Tag Archives: Architectural Design

Don’t Be Discouraged: Why Having A Flawed First Design Project is NORMAL. (Q&A #4)

Q: "How do you feel about the early designs you did as a freshman or sophomore in architecture school? How did they look like?"

It’s a question I’ve been getting often as of late, so I thought I’d semi-formally answer it on the blog.

I chuckle a little bit whenever I’m asked this, because it involves me looking at my own motivations and process at the time, and comparing them to what I know now. 

And there is a really big disparity between the two.

Quite simply, I can say now that my approaches back then were flawed, unrestrained, form-centric more than they were occupant-centric, and paradoxically incohesive. They were messy and didn’t consider a lot of things properly.

But that’s fine. Because that’s how a lot of our early works really do end up.

It’s a rite of passage of sorts, especially for this generation of contemporary designers that are giddy to produce iconic forms. (This ain’t all bad. At least it means you aren’t settling for boring architecture.)

It’s normal, and in some ways, needed in order for you to discover how to develop as a budding architect.

Besides, if I were designing the same way today as I was when I was a freshman, then it either means I didn’t need architecture school (yeah, sure), or I didn’t grow at all.

Today I’m going to discuss a few of my earlier design projects, how I worked on them at the time, and what I amusingly saw when I looked back at them. The three are my first two houses, and an archaeological studies center for within the university.  Continue reading Don’t Be Discouraged: Why Having A Flawed First Design Project is NORMAL. (Q&A #4)

22 Simple Guidelines for the Successful Architecture Student

"Victory is the child of preparation and determination". ~ Sean Hampton

Today, I thought I’d give a bit of a token piece for the new readers, for them to get an easy overview of all the topics Archi Student Help has covered in its first 50 pages or so.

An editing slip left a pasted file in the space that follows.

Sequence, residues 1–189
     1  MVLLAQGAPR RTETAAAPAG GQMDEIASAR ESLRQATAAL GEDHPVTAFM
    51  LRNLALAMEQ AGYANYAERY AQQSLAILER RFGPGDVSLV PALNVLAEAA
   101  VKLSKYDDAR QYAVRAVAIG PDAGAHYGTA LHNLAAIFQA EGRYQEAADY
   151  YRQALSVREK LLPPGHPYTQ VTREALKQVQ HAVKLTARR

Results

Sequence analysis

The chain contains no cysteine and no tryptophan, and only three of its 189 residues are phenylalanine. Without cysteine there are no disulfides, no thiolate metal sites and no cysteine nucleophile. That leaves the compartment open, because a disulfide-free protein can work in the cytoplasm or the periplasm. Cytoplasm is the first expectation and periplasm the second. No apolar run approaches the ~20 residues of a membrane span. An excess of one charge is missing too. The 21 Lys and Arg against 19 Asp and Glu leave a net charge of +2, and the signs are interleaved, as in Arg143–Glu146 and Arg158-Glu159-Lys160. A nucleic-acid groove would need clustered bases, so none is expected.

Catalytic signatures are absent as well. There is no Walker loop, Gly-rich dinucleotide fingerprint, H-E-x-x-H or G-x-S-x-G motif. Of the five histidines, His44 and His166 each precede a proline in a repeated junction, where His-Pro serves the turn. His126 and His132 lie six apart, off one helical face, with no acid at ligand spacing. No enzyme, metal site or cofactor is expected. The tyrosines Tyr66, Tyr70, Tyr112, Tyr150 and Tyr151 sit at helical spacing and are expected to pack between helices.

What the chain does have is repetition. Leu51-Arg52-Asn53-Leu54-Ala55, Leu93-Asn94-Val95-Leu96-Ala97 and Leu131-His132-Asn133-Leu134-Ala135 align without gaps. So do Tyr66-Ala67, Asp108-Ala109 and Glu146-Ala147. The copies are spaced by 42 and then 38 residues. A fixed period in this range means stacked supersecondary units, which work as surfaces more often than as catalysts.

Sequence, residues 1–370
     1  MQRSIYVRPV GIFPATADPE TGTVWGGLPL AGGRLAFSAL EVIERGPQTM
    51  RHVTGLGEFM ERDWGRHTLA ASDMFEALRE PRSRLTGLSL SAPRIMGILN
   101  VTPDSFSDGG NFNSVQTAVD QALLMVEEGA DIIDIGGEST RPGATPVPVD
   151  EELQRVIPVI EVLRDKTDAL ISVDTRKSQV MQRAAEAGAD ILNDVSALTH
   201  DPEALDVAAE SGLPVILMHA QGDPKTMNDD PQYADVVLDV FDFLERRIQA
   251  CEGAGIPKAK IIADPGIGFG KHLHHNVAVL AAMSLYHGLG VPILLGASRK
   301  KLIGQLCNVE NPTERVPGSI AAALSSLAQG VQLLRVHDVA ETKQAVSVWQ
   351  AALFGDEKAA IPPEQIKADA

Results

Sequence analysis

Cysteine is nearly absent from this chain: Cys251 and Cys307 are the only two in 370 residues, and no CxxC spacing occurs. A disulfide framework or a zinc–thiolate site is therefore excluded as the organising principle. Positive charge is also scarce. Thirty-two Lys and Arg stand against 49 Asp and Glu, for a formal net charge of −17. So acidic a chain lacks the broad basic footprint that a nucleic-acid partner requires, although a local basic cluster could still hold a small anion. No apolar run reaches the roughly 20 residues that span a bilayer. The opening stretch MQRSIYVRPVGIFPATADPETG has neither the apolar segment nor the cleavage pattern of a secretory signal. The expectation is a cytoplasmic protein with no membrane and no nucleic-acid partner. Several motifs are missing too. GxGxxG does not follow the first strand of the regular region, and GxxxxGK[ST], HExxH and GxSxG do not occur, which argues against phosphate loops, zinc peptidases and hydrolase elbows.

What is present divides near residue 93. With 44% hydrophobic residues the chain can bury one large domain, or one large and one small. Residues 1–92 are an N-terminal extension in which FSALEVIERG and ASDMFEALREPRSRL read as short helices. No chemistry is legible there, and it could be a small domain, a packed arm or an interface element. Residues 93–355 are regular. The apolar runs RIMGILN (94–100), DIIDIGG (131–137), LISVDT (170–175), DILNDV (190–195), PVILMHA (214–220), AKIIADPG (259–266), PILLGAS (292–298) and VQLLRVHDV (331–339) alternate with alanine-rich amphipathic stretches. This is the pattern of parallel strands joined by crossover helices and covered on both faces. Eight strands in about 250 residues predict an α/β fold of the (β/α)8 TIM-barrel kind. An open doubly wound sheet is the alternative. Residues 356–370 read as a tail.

From me to you, here’s a 22 point summary of the blog’s take-home points for young designers thus far, geared at helping you become your best self yet. If you find them helpful, please – feel free to share them with your friends. 

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1. Discover early on what it really means to design. And in-grain it into your thinking.

2. Understand that the best take-home from every project isn’t a pretty rendering, but a more-informed design process.

3. Prioritize your health. Consider that life is a marathon and not a sprint.

4. Invest in your brain power. Integrate life-hacks into a comprehensive program to keep you revved like a well-tuned car.

5. Become process-oriented. It will make you happier, more consistent, and will give you solid self-worth. Continue reading 22 Simple Guidelines for the Successful Architecture Student

When A Toilet Costs More Than A HOUSE.

A common oversight by young architecture students is to pay little attention to the finer strokes of a design’s intent.

The little nuances are definitely important, and add flourish and aptness to the spaces you create. As architects, you’re going to be exposed to a wide spectrum of clients, from various demographics, earning capacities, and levels of luxury.

You’re going to have to find design solutions to cater to their tastes, wants, and budget – from the pragmatic to the super rich. And sometimes, the difference is in something simple – like picking a toilet.

A knowledge of technology is one way that facilitates an apt connection between user and designer – in order to support a lifestyle.

To demonstrate this, we’re going to do a comparison on seemingly one of the most mundane fixtures that architects specify – the humble water closet.

A toilet is a toilet, yes?

Not so fast. Continue reading When A Toilet Costs More Than A HOUSE.

The 5 People You Meet in Every Project: Who Are You REALLY Designing For?

"Our thinking is a pious reception". ~ Ralph Waldo Emerson

Today we’re going to open up your brain and look inside for a bit – in order to realize some very important stuff.